Happy Sunday Bread (Candy) Heads!
All knowledge is dangerous, some pieces more so than others. This week I’m going to share a very dangerous piece of knowledge, how to make caramels!
Like bread there is a lot of really crappy caramel out there in the world. Good caramels should be creamy, with a strong dark note of cooked sugar. It should not be too soft nor too sticky. The good news is that I have a perfect recipe for caramels that anyone with a candy thermometer can make.
I have been messing around with making caramels for the last 15 years. Over that time I have tried a lot of different recipes. Finally about five years ago I decided to synthesize one. What I was looking for was more flavor while maintaining the lack of stickiness and the al dente consistency. It turns out that it all comes down to the amount of fat and the types that you use to cook the sugar. This recipe has condensed milk, whole milk, whipping cream and butter in it. Lots of different styles and moisture levels in the dairy give this caramel the complexity I was looking for.
Enough chit chat! Let’s make some candy!
Chocolate Covered Caramels
2 cups light corn syrup
1 can (14oz) sweetened condensed milk
1 ½ cups whole milk
1 cup whipping cream
1 cup (two sticks) butter
4 cups sugar
2 teaspoons vanilla
2 pounds dipping chocolate
1 9”x13” baking pan
1 candy thermometer
1 6 quart pot
2 sheet pans
Before we get started, we have to talk about the 6 quart pot. Not everyone has one that big but you have to have it for this recipe. If you try to make this in a smaller pot it will almost certainly boil over. Trust me on this, I have burned my hands with hot sugar more than once trying to control the developing caramel in a smaller pot. So if you want to avoid scars (yeah it always scars) on you hands, don’t cook this in a smaller pot. Also this recipe does not cut down well. The size pan you would need doesn’t really exist and the caramel does not set up properly if it is too thick or to thin. This is not to say that it is inedible, just not something you’d want to share with friends and family with pride. Just make it the way I describe and you’ll be safe and happy with the result.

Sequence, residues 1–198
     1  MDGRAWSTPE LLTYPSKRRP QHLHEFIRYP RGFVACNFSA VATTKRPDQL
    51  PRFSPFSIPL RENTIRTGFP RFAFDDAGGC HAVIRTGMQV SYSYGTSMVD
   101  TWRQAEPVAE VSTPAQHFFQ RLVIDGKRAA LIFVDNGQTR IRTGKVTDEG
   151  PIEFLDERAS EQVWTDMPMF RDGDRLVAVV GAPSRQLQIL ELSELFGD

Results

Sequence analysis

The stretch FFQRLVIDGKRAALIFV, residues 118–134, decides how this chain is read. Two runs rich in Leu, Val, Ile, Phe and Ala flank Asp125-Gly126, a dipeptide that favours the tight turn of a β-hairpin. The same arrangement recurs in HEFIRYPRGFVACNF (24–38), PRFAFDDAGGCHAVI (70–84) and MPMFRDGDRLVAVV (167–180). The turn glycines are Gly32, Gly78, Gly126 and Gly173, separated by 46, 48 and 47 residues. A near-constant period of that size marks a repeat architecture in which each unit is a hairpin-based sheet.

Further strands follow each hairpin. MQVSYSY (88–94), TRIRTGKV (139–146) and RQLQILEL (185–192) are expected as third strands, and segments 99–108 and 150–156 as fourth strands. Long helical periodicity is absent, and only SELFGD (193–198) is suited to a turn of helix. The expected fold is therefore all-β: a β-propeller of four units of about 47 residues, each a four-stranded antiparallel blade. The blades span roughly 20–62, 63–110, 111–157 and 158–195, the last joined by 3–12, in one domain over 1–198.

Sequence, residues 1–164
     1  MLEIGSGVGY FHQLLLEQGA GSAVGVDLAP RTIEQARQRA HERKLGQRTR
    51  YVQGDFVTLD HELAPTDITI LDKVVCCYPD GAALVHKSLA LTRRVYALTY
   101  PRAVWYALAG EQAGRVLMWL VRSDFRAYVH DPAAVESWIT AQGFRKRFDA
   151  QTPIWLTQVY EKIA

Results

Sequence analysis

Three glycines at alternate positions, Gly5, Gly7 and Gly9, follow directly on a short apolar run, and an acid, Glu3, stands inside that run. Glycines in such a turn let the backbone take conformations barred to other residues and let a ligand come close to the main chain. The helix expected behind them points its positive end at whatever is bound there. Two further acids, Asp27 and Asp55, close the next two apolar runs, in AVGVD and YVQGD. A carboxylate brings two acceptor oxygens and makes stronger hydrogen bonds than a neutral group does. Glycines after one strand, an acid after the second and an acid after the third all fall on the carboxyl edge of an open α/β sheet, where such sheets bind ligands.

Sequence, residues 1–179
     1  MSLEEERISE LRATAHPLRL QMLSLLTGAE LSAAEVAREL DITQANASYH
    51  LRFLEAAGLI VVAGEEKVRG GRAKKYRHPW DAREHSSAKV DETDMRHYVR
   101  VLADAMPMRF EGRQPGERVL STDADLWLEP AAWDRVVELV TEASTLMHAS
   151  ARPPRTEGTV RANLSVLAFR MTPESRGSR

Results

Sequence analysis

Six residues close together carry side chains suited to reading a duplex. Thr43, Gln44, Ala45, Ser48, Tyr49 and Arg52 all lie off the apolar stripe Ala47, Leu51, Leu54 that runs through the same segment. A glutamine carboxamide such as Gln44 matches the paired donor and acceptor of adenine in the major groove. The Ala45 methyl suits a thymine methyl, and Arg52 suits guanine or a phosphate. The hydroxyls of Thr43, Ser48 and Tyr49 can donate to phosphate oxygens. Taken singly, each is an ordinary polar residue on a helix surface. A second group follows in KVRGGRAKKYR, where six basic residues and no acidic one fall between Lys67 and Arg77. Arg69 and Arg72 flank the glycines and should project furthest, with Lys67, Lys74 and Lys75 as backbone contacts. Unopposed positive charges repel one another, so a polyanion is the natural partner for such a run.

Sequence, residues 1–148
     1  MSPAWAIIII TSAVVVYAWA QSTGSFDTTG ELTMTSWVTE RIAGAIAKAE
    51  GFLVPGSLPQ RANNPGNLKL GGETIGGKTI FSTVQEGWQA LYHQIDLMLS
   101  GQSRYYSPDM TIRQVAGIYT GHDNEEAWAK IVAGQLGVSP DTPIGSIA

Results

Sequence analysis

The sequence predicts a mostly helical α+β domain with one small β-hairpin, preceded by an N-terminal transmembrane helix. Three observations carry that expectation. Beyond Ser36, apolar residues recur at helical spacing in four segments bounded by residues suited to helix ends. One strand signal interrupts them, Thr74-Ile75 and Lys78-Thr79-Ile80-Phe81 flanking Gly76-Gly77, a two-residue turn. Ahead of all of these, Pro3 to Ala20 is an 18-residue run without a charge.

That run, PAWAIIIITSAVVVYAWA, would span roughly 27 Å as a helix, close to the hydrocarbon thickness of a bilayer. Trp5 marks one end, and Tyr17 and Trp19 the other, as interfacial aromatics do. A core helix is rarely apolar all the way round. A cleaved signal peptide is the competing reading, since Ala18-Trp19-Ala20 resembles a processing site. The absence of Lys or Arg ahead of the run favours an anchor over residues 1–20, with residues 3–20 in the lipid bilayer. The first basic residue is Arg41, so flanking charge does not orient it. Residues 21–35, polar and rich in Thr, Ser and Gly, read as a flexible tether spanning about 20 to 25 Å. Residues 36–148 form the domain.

Butter your 9”x13” pan and set aside.
In your 6 quart pot, combine the cream, milk, corn syrup, butter and sugar. Place over medium high heat cook, stirring occasionally with a wooden spoon. When the butter is melted clip on your candy thermometer.
Cook, stirring constantly, until the thermometer registers 240 degrees (over 5000 feet reduce this temperature to 228). This is going to take about 40 minutes. You will be tempted to turn the temperature up, don’t do it! You will be tempted to leave the stove for a while, again don’t do it! The thing that messes up candy making more than anything is too high temps and inattention, you want a great end product, then you have to follow the rules.
Besides, it is kind of cool process to watch. The mixture starts out white as the driven snow, but slowly and the water evaporates and the sugar cooks it becomes yellow then light golden. It will bubble up quite high, but just keep stirring and it will not boil over. Finally as you approach the finish line it will thicken and darken. The bubbles will seem more syrupy and the mixture will subside and boil lower in the pot.
Right when the temperature gets to 240 (or 228 at higher altitudes) pull the pan off the heat and stir in the vanilla. The vanilla has a much lower boiling point than water so it is going to boil as soon as it hits the hot caramel. Don’t worry, it is not a problem, in fact is a good thing as it will release a heady smell into your kitchen and darken the caramel to it final dark golden color.